Toronto surgeons repair spina bifida in-utero
|Toronto Star 14 Nov 2017 at 15:25|
A team of surgeons from two Toronto hospitals made Canadian medical history this year performing in-utero surgery on a 25-week fetus to repair a form of spina bifida.
“These doctors changed my worst fears into faith-filled hope and they changed my daughter’s life for the better,” said Romeila Son, whose daughter Eiko Crisostomo was diagnosed with myelomeningocele, a form of spina bifida that affects about 120 to 150 babies in Canada every year, during her 20 week ultrasound.
Now, at almost four months old, Eiko’s brain is stable, her legs are moving and kicking, and she’s eating well and gaining weight, Son said. She hasn’t required any further interventions for spina bifida since the surgery.
Myelomeningocele occurs when a fetus’ spinal column fails to close during its early development, damaging its spinal cord and nervous system.
Though the severity of spina bifida varies, many children with the condition require mobility supports like leg braces, crutches or wheelchairs. Most also require a shunt to help relieve pressure on their brains.
Between 15 and 30 per cent of babies born with it don’t live to adulthood. Less than 50 per cent are able to live independently as adults.
Son was thrilled when she learned that she was having a baby girl — a little sister for her four boys — but her joy was short-lived, replaced with worry about the struggles her daughter may soon have to face when she was diagnosed with the condition.
“Finding out something was wrong with our little baby is probably every pregnant mother’s worst nightmare,” she said.
“Our doctor told us that this meant our beautiful baby girl would be expected to have brain damage, probably be in a wheelchair for life and diapers as well, that she’d probably be incontinent. We were devastated.”
When she got home Son turned to the internet and discovered an in-utero procedure that would change the outlook for her baby girl.
A groundbreaking trial lead by Vanderbilt University and published in the New England Journal of Medicine in 2011, found this procedure could reverse brain malformations by a third, and reduce the need for walking aids, wheelchairs, or brain shunts by 50 per cent.
Son thought she, like other Canadian mothers before her, would have to travel to the U.S. for the procedure, but a surgical collaboration between Mount Sinai and The Hospital for Sick Children, offered another option. She could be the first to undergo the surgery in Canada.
“I had zero doubt and 100 per cent confidence in these brilliant doctors and their abilities,” Son said.
A team of 24 specialized doctors and nurses — lead by Dr. Greg Ryan, the head of the fetal therapy program at Mount Sinai and Dr. James Drake, the head of the neurosurgical centre for the postnatal repair of spina bifida at SickKids — performed the surgery over two and a half hours on June 4, five weeks after Son first learned about her daughter’s spina bifida.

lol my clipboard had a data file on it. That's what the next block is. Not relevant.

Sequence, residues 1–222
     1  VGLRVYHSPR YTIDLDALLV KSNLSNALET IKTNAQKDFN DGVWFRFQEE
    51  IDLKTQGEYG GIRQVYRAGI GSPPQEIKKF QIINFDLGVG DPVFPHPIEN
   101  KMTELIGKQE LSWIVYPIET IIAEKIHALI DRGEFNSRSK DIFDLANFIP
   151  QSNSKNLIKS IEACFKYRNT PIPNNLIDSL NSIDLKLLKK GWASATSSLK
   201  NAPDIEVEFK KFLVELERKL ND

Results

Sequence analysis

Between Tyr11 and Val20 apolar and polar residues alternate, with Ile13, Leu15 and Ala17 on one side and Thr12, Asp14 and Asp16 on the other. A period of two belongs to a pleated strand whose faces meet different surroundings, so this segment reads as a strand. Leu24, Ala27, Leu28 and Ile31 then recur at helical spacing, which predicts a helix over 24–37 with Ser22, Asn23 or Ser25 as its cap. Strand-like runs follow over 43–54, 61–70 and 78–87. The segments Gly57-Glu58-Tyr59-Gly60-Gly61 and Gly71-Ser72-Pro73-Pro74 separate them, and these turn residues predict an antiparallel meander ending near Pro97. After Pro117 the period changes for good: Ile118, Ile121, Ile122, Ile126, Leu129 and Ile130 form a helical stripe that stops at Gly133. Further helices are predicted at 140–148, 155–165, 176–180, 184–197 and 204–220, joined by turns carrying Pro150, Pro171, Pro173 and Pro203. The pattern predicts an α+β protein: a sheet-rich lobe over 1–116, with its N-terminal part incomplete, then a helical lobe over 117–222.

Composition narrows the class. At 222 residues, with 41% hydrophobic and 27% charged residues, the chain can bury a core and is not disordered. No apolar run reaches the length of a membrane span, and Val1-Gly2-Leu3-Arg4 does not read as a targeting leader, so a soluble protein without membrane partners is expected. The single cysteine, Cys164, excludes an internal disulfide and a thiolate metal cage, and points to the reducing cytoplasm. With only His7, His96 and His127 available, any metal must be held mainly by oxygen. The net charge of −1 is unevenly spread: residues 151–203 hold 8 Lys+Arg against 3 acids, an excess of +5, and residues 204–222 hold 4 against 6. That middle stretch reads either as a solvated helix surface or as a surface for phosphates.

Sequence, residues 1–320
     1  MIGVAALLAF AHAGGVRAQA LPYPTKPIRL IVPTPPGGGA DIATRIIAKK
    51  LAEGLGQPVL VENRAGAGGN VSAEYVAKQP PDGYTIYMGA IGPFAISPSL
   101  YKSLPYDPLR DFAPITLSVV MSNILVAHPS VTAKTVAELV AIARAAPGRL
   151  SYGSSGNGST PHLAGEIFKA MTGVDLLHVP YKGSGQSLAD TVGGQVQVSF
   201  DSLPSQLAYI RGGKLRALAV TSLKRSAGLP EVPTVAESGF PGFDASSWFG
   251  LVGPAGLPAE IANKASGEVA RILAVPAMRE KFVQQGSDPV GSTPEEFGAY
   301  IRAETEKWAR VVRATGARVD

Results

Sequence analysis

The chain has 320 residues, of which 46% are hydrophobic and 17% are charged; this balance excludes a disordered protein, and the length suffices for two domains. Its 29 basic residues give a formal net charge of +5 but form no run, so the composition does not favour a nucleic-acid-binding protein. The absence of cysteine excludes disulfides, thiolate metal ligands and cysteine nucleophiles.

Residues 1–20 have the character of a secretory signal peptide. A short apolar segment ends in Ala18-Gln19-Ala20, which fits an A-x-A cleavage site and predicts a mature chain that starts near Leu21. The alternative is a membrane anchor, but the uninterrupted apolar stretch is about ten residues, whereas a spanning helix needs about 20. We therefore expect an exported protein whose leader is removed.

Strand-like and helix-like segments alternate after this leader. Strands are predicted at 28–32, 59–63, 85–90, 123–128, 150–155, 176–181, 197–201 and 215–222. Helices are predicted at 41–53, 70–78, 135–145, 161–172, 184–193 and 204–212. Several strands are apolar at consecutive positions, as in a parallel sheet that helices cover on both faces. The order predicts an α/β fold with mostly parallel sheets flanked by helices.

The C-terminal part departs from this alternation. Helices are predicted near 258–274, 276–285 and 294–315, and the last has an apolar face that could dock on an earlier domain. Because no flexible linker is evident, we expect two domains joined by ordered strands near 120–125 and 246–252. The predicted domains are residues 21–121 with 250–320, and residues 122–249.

Son was put under general anesthesia. The major concern according to Dr. Ryan, was pre-term labour, it’s what he called the “Achilles heel,” so they did what they could to keep her comfortable and stable.
The surgeons then carefully moved the fetus into position and made incisions in the abdomen and uterus, careful to keep them as small as possible while still offering enough room to perform the next part of the procedure.
They gave the fetus a shot that included a pain killer, something to relax her and something to stabilize her heart.
The neurosurgical team from SickKids then placed an artificial patch to cover the exposed spinal cord and closed the surrounding skin over top.
After, the team from Mount Sinai replaced the lost amniotic fluid with salt water and closed the uterus with a watertight seal.
Son was admitted to the hospital for two weeks after the surgery. A couple months later she delivered her beautiful baby girl by caesarean section.
“All of our prayers were answered, she’s our little miracle,” Son said.
Dr. Paige Church, who leads the spina bifida clinic at Holland Bloorview Kids Rehabilitation Hospital and has the condition herself, said the surgery means she can now offer hope to the families expecting babies with spina bifida she counsels.
“Our families are very, very grateful,” she told the doctors.
While Mount Sinai’s Dr. Ryan said in a statement that the surgery won’t be appropriate for all fetuses with the condition and does involve some risk for mother and fetus, “it is extremely encouraging that, for some, it may preserve neuromotor function, reverse brain herniation and reduce their need for a brain shunt.”
“We regularly see children who have been affected by spina bifida at SickKids,” said Drake in a statement, adding that he hopes having the capacity to perform the surgery in Toronto will help reduce the medical challenges of those children.